there are two technical characteristics (as opposed to features) to be aware of: sensitivity and selectivity. Sensitivity is a measure of ability to receive weak signals. Selectivity is a measure of ability to avoid interference
from adjacent, unwanted strong signals. There are lots of other characteristics of course but those two are fundamental. I suggest reading the reviews
at eham.net for the radios you are considering.
As far as features, to listen to shortwave voice weather forecasts you need AM in the shortwave (SW) / high frequency (HF) bands (different terms, same meaning). Make sure the particular frequencies you care about are covered by the radio
- there are gaps in coverage on some models. See USCG HF Voice
Single-sideband (SSB) for the medium frequency (MF) and high frequency (HF or SW) adds tremendous capability. With SSB
you will be able to listen to radio nets on the marine
HF and ham HF bands. This nets include such worthies as Chris Parker and Herb Hilgenberg. See the list of nets at Pactor-II/III Radio Modem sales, FCC License filing, Marine SSB & HAM Radio Net schedules & frequencies.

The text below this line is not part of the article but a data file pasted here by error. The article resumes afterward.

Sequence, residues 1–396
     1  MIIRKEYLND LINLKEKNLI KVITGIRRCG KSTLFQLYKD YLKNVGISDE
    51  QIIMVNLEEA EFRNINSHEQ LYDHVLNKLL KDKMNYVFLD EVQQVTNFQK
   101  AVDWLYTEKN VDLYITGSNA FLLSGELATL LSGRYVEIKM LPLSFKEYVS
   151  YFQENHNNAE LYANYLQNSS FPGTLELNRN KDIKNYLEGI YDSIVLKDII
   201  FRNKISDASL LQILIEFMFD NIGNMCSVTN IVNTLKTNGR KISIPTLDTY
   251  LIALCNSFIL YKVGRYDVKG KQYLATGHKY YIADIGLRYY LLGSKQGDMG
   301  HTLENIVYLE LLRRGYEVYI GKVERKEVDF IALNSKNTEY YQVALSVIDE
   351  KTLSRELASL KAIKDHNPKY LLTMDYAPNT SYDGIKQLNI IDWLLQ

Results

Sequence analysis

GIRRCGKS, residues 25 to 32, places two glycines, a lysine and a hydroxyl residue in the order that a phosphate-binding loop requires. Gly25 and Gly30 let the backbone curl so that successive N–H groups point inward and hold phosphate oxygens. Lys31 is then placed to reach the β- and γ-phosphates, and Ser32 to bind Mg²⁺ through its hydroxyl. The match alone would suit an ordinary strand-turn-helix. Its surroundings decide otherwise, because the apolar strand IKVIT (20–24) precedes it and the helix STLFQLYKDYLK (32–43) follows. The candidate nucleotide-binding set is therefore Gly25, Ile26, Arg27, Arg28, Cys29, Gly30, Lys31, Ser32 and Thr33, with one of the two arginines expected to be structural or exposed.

. Add a simple cable between the radio and a laptop
with free software
like JVCOMM (JVComm32 - FAX SSTV RTTY SYNOP NAVTEX Programm -+-
) and you can receive a wide range of weather products including synoptic charts
. See the NOAA link above and use Google
to search for rfax.pdf - the listing of all weather fax (WEFAX or Radiofax) transmitters worldwide. The DE1123 does NOT have SSB
as near as I can see.
The MP3 player with a recording feature is quite handy. Understanding voice forecasts is easier if you can replay them a few times, particularly as you begin gaining experience. It can be hard to keep up with the mix of latitude and longitude and geographic descriptions for one forecast
or another and descriptions of where cold fronts are and will be.
Regardless of what radio you select you will get drastically improved performance with an external antenna
. It doesn't have to be fancy - a long run of bell wire hauled up by the topping lift
is a dandy start. Make sure your radio accommodates an external antenna
Depending on your cruising plans you may have regular Internet
access which does make a lot of weather products readily available.
Normal AM and FM broadcast radio generally have weather forecasts although they tend to be narrowly focused and only extend for a day or so; I find them to be inadequate.